Articles Tagged with Calton & Associates

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A complaint filed against Calton & Associates Inc., located in Tampa, Florida, and Kenneth Harter of Roland, Arkansas alleges that they “charged customers prices that were not reasonable in municipal bond transactions.” The complaint alleges that R.M. Duncan Securities, acting through two of its representatives and, eventually, Calton & Associates and Mr. Harter, sold bonds to its customers at unfair prices. R.M. Duncan Securities representatives allegedly solicited three elderly customers to purchase a total of $215,000 par value of the bonds.

According to FINRA, the representatives told their clients the bonds “would receive an 11% tax-free yield on the bond interest payments, despite the fact that the bonds were in default and not paying full interest.” Calton & Associates and Mr. Harter allegedly solicited customers to purchase bonds that were purchased from the R.M. Duncan Securities at a price that was 60% higher than the prevailing market price. FINRA alleges that R.M. Duncan Securities and Calton & Associates worked in “concert” to make the inter-dealer appear higher than the market price to pull off their scheme. FINRA alleges the brokerage firms failed to supervise their municipal securities activities and prices and are currently under investigation. Continue reading →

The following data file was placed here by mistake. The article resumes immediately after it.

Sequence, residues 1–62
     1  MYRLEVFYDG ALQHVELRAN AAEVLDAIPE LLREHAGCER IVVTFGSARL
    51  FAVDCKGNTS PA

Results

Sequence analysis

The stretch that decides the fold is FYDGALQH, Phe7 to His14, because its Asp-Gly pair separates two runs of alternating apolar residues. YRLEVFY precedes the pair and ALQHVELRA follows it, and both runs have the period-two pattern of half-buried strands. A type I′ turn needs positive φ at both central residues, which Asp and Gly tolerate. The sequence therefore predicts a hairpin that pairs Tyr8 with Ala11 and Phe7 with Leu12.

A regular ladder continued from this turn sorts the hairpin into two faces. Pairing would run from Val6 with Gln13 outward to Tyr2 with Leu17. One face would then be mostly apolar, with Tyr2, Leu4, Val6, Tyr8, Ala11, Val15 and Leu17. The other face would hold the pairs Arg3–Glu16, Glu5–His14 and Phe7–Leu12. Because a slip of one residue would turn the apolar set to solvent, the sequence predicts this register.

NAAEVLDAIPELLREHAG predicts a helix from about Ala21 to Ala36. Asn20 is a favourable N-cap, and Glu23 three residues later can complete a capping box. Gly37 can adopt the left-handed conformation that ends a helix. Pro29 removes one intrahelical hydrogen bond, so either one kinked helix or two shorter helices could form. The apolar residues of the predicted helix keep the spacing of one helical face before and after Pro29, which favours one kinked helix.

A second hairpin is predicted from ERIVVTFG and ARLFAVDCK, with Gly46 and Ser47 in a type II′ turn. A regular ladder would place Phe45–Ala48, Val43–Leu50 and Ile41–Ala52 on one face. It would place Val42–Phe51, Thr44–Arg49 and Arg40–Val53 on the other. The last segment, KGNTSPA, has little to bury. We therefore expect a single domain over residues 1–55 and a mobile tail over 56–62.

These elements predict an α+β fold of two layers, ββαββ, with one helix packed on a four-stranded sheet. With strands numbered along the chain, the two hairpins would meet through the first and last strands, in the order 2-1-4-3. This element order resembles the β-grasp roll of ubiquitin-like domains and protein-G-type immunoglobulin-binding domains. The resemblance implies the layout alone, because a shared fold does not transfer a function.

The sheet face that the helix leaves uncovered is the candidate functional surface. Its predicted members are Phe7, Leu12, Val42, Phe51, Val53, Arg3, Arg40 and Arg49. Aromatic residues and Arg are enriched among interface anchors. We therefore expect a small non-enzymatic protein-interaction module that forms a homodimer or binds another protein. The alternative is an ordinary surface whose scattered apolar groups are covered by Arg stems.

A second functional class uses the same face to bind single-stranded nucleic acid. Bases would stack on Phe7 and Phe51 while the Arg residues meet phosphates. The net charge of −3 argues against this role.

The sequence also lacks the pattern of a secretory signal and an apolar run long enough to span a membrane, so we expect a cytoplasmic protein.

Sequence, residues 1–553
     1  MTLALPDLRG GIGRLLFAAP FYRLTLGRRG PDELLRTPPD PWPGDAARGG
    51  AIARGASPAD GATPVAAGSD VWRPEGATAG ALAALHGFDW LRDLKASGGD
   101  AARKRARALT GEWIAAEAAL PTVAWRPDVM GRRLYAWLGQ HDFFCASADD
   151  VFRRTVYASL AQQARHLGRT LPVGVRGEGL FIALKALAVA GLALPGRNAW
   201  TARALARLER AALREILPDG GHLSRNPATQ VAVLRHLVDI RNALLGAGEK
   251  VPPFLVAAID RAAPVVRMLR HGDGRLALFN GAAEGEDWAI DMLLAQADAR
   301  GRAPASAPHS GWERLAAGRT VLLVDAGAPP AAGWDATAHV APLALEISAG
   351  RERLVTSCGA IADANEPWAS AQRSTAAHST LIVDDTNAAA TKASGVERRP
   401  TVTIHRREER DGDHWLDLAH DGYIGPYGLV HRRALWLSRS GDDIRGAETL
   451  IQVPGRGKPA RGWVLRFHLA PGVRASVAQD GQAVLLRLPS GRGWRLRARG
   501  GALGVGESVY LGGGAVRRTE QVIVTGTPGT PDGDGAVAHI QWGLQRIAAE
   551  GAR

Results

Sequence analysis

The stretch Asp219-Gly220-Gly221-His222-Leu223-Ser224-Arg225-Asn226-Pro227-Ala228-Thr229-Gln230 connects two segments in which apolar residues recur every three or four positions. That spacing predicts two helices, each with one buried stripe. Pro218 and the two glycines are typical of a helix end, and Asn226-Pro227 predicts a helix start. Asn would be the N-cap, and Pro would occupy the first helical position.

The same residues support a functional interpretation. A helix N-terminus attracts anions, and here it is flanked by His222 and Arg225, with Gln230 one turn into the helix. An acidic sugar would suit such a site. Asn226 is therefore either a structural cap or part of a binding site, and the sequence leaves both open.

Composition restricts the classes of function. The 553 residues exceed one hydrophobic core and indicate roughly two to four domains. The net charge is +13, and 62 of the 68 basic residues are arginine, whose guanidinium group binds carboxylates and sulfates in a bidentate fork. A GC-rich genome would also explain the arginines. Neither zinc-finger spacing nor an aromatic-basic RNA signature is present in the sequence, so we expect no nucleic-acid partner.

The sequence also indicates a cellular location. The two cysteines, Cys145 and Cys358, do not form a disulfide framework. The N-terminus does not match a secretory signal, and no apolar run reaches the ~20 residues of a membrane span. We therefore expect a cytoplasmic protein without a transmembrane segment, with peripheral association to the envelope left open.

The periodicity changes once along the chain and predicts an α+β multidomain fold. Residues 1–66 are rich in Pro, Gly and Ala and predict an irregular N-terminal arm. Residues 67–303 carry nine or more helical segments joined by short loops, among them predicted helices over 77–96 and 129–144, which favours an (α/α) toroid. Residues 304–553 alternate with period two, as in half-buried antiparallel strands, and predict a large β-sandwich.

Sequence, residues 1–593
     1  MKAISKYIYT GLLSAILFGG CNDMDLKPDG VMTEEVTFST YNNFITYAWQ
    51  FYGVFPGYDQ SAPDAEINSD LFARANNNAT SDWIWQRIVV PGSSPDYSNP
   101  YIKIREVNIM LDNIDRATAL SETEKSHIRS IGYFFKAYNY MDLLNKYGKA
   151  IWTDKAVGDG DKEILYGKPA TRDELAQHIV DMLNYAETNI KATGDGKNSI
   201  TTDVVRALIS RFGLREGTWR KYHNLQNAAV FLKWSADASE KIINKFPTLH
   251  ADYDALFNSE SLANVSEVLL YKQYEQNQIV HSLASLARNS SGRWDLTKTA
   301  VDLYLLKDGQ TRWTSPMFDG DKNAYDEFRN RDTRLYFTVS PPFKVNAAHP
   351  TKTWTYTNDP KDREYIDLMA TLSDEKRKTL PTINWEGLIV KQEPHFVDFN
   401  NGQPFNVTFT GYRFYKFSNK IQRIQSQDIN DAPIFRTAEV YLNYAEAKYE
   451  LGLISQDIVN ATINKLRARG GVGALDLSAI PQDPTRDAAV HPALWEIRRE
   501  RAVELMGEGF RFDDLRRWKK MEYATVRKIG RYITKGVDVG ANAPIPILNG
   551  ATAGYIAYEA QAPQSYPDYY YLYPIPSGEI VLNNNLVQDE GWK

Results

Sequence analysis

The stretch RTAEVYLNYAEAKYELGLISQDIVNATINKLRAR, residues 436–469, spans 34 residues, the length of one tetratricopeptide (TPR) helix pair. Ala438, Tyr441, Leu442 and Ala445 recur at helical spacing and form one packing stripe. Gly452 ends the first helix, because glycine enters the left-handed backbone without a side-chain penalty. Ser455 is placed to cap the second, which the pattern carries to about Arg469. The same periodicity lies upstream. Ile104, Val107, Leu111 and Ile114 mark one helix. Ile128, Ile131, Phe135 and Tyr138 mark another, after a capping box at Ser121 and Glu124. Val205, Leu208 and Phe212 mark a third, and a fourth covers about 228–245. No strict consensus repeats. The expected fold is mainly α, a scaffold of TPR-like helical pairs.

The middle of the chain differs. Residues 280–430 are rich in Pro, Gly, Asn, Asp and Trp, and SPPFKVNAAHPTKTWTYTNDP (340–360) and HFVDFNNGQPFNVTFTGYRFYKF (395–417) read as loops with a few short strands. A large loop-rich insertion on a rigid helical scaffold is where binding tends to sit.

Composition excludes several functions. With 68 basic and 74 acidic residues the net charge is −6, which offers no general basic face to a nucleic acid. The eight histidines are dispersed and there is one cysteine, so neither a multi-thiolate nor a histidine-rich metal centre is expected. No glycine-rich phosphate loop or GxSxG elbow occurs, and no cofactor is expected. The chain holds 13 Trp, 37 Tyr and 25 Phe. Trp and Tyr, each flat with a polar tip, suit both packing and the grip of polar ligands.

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Dennis Todd Witthoeft, a Wesley Chapel, Florida based broker with Calton & Associates, Inc. (Calton), consented to, but did not admit to or deny, the Financial Industry Regulatory Authority’s (FINRA) findings that he improperly exercised discretion in a customer’s account.

While employed with Calton & Associates, Inc., of Tampa, Florida, FINRA found that Dennis Witthoeft exercised improper discretion when he effected a total of 61 stock and option transactions in a customer’s account at the end of the business days on which the customer had authorized the transations. Further, Dennis Witthoeft allegedly neglected to obtain written authorization from the customer allowing such use of discretion and the account had not been accepted by Calton as a discretionary account. Continue reading →